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|Title:||Effect of birth weight and early pregnancy BMI on risk for pregnancy complications|
|Citation:||Obesity, 2019; 27(2):237-244|
|Prabha H. Andraweera, Gus Dekker, Shalem Leemaqz, Lesley McCowan, Jenny Myers, Louise Kenny, James Walker, Lucilla Poston, Claire T. Roberts on behalf of the SCOPE Consortium|
|Abstract:||OBJECTIVE:This study investigated the influence of birth weight on the risk of pregnancy complications, including preeclampsia (PE), gestational hypertension (GH), small for gestational age (SGA) pregnancy, spontaneous preterm birth, and gestational diabetes mellitus (GDM), and assessed the effect of early pregnancy BMI on this relationship. METHODS:A total of 5,336 nulliparous women from the SCreening fOr Pregnancy Endpoints (SCOPE) study were included. Women's birth weights were self-reported and confirmed via medical records when possible. A birth weight of 3,000 to 3,499 g was considered the reference. RESULTS:After adjusting for confounders, birth weight < 2,500 g was associated with increased risk of GH (adjusted odds ratio [aOR] = 2.2, 95% CI = 1.3-3.7), PE (aOR = 1.7, 95% CI = 1.0-2.9), small for gestational age (aOR = 1.9, 95% CI = 1.1-3.2), and GDM (aOR = 2.4, 95% CI = 1.0-5.8) compared with the referent. Women born with birth weight < 2,500 g and who subsequently developed overweight or were diagnosed with obesity were at increased risk of GH (aOR = 2.2, 95% CI = 1.1-4.5), PE (aOR = 2.3, 95% CI = 1.2-4.5), and GDM (aOR = 3.2, 95% CI = 1.1-9.5) compared with women with birth weight ≥ 2,500 g and remained lean. CONCLUSIONS:Women who were born with a low birth weight are at increased risk of pregnancy complications. Those born small may have undergone "programming" in response to unfavorable intrauterine conditions. In such women, the physiological demands of pregnancy may act as a "second hit," leading to pregnancy complications.|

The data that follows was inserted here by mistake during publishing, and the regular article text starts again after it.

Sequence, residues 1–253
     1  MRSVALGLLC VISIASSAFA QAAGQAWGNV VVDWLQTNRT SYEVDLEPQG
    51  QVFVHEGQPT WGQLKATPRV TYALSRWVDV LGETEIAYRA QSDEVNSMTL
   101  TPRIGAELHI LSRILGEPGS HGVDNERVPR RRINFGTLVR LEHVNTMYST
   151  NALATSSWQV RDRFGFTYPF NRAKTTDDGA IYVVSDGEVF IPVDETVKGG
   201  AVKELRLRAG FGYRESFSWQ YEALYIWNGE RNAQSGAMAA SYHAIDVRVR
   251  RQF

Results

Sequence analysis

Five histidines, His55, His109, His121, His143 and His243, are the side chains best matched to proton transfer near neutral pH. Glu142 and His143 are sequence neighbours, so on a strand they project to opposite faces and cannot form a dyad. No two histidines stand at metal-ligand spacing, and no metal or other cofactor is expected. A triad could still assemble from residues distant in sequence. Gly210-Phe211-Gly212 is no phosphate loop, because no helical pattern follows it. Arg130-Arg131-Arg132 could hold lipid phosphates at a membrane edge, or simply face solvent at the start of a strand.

|Rights:||© 2018 The Obesity Society|
|Appears in Collections:||Obstetrics and Gynaecology publications|
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